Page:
Airport survey uncovers a 4,000 year old structure on Crete

KASTELLI, Crete, Greece – The plans had already been made: a new airport for the island of Crete was set to open in 2027 near the town of Kastelli, and a hilltop had been designated as the site of its new airport tower. But while surveying the area, archeologists have discovered a 4,000 year old structure from the time of the Minoan civilization – and the airport has found it needs somewhere else to put its tower.

The structure, which the Associated Press reports is some 19,000 square feet in area, is circular and look a bit like a gear or the wheel of a car when seen from above. The center circle is divided into several compartments, and archeologists believe it may have had a conical roof. Surrounding this main area are eight stone walls that reached up to almost six feet in height.

Archeologists discovered this 4,000 year old structure while surveying the site for a new airport radar tower [Greek Ministry of Culture]

It’s unclear what the structure’s purpose was. The Greek Culture Ministry does not believe it was a dwelling, according to CNN. Some of its features are comparable to Minoan tombs, and it contains a large number of animal bones – possibly evidence of sacrifice.

“It may have been periodically used for possibly ritual ceremonies involving consumption of food, wine, and perhaps offerings,” said the ministry in a statement. ““Its size, architectural layout and careful construction required considerable labor, specialized know-how and a robust central administration.”

The ministry believes the structure was in use between 2000 and 1700 B.C.E., 4,000 years ago, making it roughly contemporaneous with the famous Palace of Knossos, the earliest parts of which are dated to about 1900 B.C.E.

Knossos and other archeological sites on Crete belong to the Minoan civilization, which is named for the mythological king Minos. In Greek myth, Minos was known for commissioning the architect Daedalus to build a labyrinth to contain the half-human, half-bull creature known as the Minotaur. The hero Theseus managed to defeat the Minotaur and escape the labyrinth through the assistance of Minos’s daughter Ariadne – though Theseus later abandoned her. (Some gratitude.) “Minoan” is a modern coinage – it is unknown what the historical Minoans called themselves.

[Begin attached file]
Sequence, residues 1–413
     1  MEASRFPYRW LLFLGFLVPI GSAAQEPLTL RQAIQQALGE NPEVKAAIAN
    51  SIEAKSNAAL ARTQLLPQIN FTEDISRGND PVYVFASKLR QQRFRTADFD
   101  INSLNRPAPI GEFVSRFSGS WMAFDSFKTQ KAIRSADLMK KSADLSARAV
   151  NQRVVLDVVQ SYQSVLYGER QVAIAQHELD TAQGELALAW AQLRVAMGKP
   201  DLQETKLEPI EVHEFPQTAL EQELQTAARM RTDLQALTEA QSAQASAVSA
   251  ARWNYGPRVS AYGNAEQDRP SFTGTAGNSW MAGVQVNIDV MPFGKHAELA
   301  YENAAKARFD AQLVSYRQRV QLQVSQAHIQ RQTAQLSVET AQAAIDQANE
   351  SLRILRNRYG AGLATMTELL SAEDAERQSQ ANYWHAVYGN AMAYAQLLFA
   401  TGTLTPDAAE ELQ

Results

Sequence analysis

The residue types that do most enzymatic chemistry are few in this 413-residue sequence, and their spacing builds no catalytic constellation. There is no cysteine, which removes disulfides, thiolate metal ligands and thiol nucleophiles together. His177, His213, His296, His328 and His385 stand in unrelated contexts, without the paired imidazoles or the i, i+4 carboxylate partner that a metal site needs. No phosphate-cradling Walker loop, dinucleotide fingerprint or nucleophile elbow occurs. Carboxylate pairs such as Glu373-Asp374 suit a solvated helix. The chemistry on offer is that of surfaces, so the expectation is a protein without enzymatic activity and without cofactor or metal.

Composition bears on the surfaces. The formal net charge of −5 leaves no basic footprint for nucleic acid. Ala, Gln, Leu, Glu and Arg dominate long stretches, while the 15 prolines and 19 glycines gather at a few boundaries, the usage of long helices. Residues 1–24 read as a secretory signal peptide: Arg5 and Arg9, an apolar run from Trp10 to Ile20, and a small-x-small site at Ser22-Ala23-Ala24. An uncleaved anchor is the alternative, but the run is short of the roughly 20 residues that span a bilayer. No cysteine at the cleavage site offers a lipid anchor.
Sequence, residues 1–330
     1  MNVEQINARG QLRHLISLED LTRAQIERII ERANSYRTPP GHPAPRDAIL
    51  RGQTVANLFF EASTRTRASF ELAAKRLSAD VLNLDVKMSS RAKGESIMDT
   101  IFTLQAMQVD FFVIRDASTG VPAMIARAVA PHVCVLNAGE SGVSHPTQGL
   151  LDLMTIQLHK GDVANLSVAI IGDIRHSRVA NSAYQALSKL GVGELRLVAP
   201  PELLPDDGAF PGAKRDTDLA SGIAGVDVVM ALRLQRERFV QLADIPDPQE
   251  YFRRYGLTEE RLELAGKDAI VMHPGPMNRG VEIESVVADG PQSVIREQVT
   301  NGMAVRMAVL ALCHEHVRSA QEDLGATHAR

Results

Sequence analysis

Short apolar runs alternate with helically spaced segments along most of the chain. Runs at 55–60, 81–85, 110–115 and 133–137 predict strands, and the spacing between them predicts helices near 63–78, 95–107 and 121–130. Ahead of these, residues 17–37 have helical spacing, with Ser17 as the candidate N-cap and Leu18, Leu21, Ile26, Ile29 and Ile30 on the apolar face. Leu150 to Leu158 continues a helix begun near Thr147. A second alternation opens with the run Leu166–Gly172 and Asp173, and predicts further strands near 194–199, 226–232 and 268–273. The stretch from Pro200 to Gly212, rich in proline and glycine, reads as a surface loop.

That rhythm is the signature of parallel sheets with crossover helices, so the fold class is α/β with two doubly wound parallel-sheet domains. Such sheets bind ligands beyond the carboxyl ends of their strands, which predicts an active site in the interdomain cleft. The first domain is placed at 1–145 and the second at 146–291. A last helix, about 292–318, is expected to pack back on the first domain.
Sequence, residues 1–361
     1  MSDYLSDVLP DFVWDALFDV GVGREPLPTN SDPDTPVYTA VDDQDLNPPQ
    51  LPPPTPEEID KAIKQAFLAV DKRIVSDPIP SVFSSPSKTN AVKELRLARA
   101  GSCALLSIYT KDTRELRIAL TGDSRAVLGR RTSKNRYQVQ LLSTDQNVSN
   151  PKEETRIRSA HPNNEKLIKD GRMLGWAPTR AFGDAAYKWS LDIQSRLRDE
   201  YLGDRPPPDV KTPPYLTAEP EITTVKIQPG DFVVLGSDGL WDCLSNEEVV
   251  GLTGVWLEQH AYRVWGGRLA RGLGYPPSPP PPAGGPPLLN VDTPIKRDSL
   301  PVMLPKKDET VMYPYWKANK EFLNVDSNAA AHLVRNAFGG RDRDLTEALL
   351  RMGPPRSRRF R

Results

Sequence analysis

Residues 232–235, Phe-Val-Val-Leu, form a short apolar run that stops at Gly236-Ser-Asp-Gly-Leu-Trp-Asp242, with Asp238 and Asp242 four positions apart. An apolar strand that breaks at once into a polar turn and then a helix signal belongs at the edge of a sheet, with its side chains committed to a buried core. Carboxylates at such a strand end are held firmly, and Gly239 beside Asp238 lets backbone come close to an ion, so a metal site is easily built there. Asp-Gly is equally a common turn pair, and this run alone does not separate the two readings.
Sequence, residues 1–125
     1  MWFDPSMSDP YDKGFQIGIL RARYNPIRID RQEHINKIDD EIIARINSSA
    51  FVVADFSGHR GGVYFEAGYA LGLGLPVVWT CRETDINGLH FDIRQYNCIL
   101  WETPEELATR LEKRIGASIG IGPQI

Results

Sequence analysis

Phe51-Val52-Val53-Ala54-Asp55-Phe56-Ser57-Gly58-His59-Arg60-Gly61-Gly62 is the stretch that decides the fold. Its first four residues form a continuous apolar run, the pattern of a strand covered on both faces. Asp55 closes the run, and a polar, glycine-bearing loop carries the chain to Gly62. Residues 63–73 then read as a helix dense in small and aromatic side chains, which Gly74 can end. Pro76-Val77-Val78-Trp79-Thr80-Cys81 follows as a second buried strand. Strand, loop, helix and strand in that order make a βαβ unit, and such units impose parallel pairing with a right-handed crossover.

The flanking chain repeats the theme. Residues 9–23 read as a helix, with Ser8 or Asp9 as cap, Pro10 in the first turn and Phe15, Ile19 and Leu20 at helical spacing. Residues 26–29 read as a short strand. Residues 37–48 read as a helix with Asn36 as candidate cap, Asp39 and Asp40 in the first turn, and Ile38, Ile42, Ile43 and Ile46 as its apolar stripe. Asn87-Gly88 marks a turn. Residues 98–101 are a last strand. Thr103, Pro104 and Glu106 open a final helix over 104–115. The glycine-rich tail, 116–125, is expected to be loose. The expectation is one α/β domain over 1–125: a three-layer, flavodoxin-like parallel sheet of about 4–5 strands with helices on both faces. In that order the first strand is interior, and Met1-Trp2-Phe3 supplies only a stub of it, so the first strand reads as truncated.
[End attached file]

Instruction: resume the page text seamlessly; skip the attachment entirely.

The historical Minoan civilization existed from about 3100 B.C.E. and began to reach its height about a thousand years later, at the same time the structure at Kastelli is dated. Much about the Minoan society is unclear, as most Minoan writing is undeciphered: though we have several examples of the Minoan script called Linear A, it is unknown what language it encodes. A later script for writing Mycenaean Greek, Linear B, shares some signs with Linear A, but the languages do not appear to be related.

Minoan art and architecture, on the other hand, continue to thrill visitors, with famous pieces like the Bull-Leaping Fresco bringing many tourists to the Heraklion Archeological Museum in Crete. Indeed, the popularity of Minoan archeology is part of the need for the new airport at Kastelli, which is intended to replace the current airport at Heraklion and serve up to 18 million tourists annually.

The “Bull Leaping Fresco” from Knossos, now on display at the Heraklion Archeological Museum [public domain]

But the Greek Culture Ministry makes clear that the government considers both cultural heritage and modern infrastructure needs to be paramount.

“We all understand the value and importance of cultural heritage,” Lina Mendoni, the culture minister, said. “It’s possible to go ahead with the airport while granting the antiquities the protection they merit.”

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